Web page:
Our Phonics Curriculum
We follow the Read Write Inc scheme to teach Phonics.
How Can Parents Find Out More About Our Curriculum?
Please see 'Parent / Carer' tab and select 'Sharing our Learning with Families'.
Our Curriculum - What is Taught
At Styal Primary School, we promote a happy, safe and stimulating environment where children are motivated to learn. An emphasis is given to the physical and mental wellbeing of all - these underpin the development of the whole child.
Our whole school curriculum is underpinned by our eight key values. We want our children to be:
Our school vision of 'valuing the individual to believe and achieve' promotes our ethos of aiming high and being the best we can be. Styal is an inclusive school, intent on ensuring all children reach their potential. We respect children's individuality and aim for children to discover their strengths and interests. We all possess unique gifts and qualities here at Styal - and we celebrate the fact! Where there are barriers, we pride ourselves on embracing different approaches and seizing new opportunities to ensure high quality learning. We love the fact that we know our pupils well. We spend time building relationships with them to ensure this.
Styal's curriculum is broad and balanced and takes into account our school's unique location. Learning encompasses, not only the formal requirements of the National Curriculum, but goes beyond the experiences of the classroom for all children - whatever the age, ability or circumstance. We develop essential knowledge, skills and understanding so children can see links in their learning.
A love and respect for the natural environment is a priority within our curriculum. Our Forest School builds confident Styal pupils where children are responsible for decisions, undertake challenges and have new experiences. Our children thrive outdoors and our residential visit to Robinwood enhances this.
We know that academic outcomes alone do not make a well-rounded person. Extra-curricular activities are one of the ways we support children to have greater opportunities, aspiring children to learn more about a subject or finding skills they would like to pursue in more depth.
At Styal, we want children to have high aspirations for the future and know that these can be reached through hard work and determination. This is supported through our Aspirations Week where we provide children with inspiring and empowering aspirations for future careers. Styal children are prepared for the challenges of high school and encouraged to make a positive contribution to society. We want our children to have the life skills to prepare them for the outside world and through our work on British Values, our children leave us prepared for modern Britain.
Our children are proud to be at Styal Primary School.
At Styal Primary School, we teach learning behaviours. Our Super Learning Day, where children came dressed as a super learning power such as 'questionning', is now being taken a step further. We are developing self regulation and metacognitve strategies throughout our curriculum.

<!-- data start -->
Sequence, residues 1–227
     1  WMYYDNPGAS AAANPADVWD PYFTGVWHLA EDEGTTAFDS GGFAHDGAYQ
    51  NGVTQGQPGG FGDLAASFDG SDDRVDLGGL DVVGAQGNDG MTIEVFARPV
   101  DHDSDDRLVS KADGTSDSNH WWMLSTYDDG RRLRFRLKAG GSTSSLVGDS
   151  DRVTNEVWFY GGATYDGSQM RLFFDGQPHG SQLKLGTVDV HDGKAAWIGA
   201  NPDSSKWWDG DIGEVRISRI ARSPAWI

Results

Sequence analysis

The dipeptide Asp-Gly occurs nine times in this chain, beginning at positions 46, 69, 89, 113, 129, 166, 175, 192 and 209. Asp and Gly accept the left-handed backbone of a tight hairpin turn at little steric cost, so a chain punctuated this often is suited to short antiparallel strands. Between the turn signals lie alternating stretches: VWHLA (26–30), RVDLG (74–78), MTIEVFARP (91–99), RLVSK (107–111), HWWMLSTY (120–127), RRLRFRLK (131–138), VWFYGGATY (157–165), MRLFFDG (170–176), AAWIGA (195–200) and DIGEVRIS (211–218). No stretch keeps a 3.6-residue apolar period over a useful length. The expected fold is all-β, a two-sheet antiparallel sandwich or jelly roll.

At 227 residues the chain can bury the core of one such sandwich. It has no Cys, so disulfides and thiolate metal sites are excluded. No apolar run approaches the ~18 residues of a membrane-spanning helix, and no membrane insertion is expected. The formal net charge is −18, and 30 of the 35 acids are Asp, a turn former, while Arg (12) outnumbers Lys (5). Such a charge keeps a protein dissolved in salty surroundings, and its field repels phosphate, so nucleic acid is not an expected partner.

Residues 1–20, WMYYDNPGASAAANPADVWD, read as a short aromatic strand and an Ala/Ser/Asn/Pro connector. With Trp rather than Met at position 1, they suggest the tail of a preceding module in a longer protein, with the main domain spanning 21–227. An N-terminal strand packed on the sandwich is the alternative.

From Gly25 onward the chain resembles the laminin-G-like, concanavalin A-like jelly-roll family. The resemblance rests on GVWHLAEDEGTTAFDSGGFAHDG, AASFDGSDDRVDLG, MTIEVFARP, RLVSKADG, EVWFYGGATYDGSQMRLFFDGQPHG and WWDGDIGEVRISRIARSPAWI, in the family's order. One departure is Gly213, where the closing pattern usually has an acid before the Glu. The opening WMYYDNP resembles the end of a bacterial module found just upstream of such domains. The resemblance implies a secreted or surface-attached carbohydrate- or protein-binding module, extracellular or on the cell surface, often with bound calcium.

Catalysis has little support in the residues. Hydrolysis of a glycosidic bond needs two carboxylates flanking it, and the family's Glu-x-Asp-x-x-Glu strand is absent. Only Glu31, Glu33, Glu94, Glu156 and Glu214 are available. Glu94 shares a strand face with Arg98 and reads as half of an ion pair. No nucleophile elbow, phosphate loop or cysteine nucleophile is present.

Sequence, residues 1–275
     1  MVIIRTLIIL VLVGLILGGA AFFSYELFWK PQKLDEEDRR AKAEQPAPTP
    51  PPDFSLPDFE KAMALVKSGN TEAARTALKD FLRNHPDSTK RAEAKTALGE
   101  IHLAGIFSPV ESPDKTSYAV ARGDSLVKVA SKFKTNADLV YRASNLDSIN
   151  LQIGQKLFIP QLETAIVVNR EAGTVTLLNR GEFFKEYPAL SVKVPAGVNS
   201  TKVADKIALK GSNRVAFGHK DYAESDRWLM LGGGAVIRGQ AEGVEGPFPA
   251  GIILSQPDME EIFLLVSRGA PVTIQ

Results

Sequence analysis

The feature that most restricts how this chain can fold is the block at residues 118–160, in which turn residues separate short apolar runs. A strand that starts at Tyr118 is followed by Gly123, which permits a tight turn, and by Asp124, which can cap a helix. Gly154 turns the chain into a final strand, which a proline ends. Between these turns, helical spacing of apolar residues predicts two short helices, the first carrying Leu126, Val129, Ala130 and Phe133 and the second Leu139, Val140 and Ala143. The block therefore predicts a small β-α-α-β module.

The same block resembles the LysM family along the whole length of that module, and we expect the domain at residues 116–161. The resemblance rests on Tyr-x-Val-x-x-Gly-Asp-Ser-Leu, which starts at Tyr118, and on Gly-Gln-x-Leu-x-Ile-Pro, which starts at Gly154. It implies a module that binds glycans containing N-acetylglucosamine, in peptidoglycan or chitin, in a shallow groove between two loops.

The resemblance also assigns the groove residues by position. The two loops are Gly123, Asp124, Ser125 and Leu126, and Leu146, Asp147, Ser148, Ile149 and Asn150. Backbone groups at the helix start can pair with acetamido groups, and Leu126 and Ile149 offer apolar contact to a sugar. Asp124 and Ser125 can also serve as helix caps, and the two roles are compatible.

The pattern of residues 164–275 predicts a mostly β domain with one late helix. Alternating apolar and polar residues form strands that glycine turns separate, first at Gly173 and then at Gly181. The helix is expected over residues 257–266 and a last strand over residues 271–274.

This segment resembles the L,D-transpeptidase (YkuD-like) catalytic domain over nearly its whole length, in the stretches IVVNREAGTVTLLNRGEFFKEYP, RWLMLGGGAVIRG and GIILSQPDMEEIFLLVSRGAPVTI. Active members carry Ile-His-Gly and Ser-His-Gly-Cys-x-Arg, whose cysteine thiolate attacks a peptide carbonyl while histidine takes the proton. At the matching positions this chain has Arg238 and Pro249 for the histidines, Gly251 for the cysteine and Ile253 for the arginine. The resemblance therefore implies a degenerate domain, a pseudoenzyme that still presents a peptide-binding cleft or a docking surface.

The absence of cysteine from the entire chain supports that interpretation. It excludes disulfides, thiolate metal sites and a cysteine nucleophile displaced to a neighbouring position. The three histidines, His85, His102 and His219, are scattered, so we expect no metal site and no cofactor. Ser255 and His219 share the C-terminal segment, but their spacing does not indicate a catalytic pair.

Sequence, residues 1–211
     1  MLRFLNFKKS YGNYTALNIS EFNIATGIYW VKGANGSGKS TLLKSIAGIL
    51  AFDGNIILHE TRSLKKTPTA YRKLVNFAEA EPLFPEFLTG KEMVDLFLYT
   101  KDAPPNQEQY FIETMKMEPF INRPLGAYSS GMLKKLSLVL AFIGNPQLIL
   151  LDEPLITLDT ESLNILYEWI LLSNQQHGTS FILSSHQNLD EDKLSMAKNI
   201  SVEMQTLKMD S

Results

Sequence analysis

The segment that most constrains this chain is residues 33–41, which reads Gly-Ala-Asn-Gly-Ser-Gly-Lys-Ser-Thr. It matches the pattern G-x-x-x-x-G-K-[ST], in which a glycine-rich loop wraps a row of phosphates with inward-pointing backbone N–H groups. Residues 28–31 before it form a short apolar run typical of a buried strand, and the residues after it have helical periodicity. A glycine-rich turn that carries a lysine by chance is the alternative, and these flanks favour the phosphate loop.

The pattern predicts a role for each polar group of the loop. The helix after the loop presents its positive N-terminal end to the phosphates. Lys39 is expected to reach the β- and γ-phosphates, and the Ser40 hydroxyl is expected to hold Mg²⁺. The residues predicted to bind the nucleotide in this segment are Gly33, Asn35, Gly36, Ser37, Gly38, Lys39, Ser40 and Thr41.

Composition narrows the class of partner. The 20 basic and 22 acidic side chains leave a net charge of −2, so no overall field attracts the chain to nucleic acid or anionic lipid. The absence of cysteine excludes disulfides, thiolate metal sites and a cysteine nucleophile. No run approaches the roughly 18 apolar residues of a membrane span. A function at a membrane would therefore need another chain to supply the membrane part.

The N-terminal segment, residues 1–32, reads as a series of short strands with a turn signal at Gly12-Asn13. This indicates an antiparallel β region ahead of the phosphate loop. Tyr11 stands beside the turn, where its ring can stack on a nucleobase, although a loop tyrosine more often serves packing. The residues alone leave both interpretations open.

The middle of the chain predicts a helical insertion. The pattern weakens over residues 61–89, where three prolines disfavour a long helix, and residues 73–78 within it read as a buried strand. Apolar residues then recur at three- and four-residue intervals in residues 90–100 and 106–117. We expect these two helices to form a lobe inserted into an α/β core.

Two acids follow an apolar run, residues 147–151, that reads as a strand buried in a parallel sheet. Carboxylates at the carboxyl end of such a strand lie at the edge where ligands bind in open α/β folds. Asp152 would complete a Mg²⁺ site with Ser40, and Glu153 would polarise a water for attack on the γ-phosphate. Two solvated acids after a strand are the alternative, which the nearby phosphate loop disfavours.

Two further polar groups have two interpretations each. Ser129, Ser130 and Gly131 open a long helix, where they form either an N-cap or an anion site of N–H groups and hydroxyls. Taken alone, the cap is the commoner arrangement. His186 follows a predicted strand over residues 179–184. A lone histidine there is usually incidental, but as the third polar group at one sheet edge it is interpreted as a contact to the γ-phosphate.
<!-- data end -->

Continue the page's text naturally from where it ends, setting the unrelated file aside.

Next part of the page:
Self-regulation is made up of three key areas:
Self regulation is the extent to which children are aware of their strengths and weaknesses and the strategies they use to learn. It is how children motivate themselves to engage in learning and how they develop strategies to enhance and improve their learning.
Cognitive strategies are the skills and subject specific strategies we teach - such as the different methods to solve different equations in Maths.
Metacognition is the way children monitor and direct their learning. This could be checking that our technique is accurate or selecting the most appropriate cognitive strategy for the task.
Motivation is about the willingness to engage our cognitive and metacognitive skills and apply them to our learning.
Classroom Learning Walls
Our classroom learning environments are deliberately neutral. Display boards are backed in neutral hessian and are fluid and reflective of current and relevant learning. Research shows that a more neutral environment provides minimal distractions around where the teaching happens. This is more conducive to a purposeful learning environment.
Activating Prior learning
Wherever possible, lessons begin with 'BRIDGING BACK'. It is a chance for children to be responsible and reflective of their own learning, recalling what they have retained and recognising what they need to know. It is part of knowing more and remembering more. Children take part in a mini-quiz and a class discussion around answers. Children are actively encouraged to challenge thinking and build on their peers' answers. Making links in learning and building on prior knowledge helps our children to deepen their understanding and commit learning to long term memory.
At the end of lessons, we 'BRIDGE FORWARD'. There is a brief discussion of how today's learning will inform future learning - helping children to make links in their learning and to understand 'why this lesson, why now?'.